For some, October means Oktoberfest, the outdoor festival celebrating Bavarian culture, cuisine, and, of course, beer. Not being a big beer drinker myself — although I did enjoy a pint of Bell’s Amber every now and again in my Ann Arbor days — thinking about Oktoberfest makes me think about food. I do not know much about Bavarian cuisine, but what I do know, I like. Sausages, schnitzel, potato pancakes, spaetzle, dumplings — count me in.
When eating fat-laden, heavy cuisine such as this, you need something sour and tangy with a little crunch to it to refresh the palate. That’s why German love sauerkraut. I myself do not love sauerkraut, but I do love sautéed red cabbage, another traditional Bavarian favorite.
When people tell me that it is too expensive to eat healthily, I want to say to them: “Oh yeah? Try cabbage.” Cabbage is ridiculously inexpensive at both grocery stores and farmers’ markets; it is very versatile and it is crazy good for you. Cooked cabbage may have a reputation for being smelly and bitter, but when prepared correctly, it is neither of those things. Avoid boiling in lieu of sautéing. Or just enjoy cabbage raw. Shredded Napa cabbage, a mild-flavored variety, adds crunch to all kinds of dishes from Mexican to Thai.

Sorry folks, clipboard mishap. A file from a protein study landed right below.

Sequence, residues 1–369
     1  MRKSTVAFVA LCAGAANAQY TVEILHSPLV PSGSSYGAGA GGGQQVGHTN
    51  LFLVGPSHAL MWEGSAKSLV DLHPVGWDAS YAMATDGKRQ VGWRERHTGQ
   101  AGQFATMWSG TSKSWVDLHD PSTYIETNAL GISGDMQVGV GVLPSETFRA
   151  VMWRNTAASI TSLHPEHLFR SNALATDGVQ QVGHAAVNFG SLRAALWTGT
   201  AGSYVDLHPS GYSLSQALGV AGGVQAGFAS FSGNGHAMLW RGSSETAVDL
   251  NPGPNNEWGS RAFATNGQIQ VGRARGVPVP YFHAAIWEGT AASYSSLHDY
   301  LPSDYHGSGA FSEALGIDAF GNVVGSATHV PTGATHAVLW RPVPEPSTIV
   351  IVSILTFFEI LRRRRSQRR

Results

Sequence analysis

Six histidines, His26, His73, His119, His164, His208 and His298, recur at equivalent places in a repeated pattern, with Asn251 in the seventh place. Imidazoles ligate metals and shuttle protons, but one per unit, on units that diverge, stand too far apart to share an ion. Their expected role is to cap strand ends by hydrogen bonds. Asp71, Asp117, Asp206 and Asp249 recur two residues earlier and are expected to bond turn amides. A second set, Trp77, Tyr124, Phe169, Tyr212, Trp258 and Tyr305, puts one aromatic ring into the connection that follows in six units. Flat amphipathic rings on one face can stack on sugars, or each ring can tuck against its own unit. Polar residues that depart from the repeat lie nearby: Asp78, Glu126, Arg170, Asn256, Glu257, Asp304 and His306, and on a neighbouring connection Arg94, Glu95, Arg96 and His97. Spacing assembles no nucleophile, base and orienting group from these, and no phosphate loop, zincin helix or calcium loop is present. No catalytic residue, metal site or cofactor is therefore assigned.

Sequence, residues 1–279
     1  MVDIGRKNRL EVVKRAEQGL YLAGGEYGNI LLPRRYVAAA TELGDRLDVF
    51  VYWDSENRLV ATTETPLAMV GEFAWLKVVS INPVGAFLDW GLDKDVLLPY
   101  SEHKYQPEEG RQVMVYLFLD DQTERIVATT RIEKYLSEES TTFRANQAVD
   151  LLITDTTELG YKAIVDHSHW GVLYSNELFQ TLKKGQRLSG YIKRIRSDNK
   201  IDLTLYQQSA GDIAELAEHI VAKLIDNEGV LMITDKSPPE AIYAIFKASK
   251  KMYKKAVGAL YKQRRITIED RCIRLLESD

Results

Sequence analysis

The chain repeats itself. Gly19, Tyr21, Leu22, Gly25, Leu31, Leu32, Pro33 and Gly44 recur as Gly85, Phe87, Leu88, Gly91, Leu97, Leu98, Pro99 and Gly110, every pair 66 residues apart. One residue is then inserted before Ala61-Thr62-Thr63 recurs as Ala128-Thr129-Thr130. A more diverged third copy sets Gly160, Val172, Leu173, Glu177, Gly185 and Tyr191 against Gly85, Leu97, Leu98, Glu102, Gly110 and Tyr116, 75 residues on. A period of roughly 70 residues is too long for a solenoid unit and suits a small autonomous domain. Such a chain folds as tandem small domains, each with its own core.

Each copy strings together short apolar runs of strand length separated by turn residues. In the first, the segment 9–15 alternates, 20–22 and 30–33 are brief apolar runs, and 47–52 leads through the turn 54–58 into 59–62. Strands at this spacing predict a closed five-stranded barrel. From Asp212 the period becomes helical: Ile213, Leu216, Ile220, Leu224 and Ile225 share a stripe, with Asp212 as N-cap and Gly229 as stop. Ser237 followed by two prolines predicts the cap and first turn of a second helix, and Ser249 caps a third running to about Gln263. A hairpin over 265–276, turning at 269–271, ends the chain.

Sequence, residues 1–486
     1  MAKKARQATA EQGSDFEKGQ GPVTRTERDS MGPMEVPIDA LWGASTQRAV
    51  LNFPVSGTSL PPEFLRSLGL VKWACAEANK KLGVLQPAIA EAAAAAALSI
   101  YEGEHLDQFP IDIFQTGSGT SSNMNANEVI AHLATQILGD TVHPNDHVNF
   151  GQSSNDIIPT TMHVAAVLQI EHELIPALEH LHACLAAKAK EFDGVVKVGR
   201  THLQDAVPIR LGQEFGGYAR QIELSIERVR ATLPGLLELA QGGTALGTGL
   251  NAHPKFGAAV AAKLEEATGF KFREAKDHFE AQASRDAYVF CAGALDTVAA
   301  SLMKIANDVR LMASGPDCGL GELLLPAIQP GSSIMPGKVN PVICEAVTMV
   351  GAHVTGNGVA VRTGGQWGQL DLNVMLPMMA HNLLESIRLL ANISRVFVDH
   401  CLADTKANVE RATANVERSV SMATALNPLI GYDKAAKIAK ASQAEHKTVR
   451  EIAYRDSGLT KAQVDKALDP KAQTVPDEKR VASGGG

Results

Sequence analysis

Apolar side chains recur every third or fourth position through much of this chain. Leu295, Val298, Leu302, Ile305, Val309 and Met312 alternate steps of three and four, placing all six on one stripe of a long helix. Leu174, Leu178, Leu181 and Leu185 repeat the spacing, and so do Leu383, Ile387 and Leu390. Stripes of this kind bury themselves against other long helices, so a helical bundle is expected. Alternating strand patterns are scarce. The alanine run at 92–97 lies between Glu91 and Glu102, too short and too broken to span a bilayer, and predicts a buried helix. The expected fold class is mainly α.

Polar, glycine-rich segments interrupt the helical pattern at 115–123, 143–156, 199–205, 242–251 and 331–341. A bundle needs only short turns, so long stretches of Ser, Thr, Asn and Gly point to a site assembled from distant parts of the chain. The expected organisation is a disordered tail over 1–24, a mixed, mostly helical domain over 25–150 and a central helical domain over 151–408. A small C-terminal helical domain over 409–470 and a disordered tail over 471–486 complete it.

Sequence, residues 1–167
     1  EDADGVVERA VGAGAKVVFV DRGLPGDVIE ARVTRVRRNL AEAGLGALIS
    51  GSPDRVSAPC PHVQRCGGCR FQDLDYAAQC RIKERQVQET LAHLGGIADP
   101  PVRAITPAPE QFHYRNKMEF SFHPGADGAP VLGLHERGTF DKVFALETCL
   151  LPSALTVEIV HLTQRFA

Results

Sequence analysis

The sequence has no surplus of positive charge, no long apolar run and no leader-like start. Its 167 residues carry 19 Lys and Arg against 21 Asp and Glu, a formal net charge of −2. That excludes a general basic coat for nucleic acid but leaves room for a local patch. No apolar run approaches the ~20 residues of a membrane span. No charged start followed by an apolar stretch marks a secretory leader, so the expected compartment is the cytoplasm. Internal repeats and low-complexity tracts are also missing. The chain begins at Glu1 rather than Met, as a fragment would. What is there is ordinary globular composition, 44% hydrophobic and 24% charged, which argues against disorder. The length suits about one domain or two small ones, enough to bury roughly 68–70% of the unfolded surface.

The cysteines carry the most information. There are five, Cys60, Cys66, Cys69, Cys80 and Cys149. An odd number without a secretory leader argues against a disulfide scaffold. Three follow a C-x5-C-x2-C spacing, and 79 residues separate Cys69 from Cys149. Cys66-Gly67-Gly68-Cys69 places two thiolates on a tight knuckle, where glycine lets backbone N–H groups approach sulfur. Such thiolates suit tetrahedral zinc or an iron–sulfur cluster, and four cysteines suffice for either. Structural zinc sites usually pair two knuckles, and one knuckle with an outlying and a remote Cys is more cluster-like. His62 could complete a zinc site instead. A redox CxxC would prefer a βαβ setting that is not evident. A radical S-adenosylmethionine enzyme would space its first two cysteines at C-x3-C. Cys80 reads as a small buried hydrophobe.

While green cabbage is more commonly eaten, red cabbage actually offers greater nutritional value and a heartier flavor. Plus, it’s magenta. I really think that there are not enough magenta foods.
My favorite way to prepare red cabbage is to sauté it and then steam it in vinegar until meltingly tender and tangy. A sprinkling of caraway seeds adds a wistful hint of Eastern Europe. While it does take nearly an hour for the cabbage to become soft, that hour is almost entirely passive time. Let the cabbage simmer away on a back burner while you go about your business, perhaps preparing a veal cutlet or some potatoes to accompany it. And bring a little of that Oktoberfest spirit into your house!
- 3 TB butter
- 1 yellow onion, halved and sliced thinly
- ½ head red cabbage, core removed and cut into long thin strips
- 1 tsp caraway seeds
- ½ cup apple cider vinegar plus more for finishing
- Salt and pepper to taste
- Melt butter in a large, deep skillet set over medium heat.
- When the butter stops foaming, add the onion and sauté until softened, about five minutes.
- Add the caraway seeds and season well with salt and pepper.
- Add the cabbage and toss well to combine.
- Add the vinegar and bring to a boil. Turn heat down and cover.
- Simmer until the cabbage is very soft, about fifty minutes.
- Taste and adjust seasoning, adding another splash of vinegar to finish the dish if desired.
- Serve hot.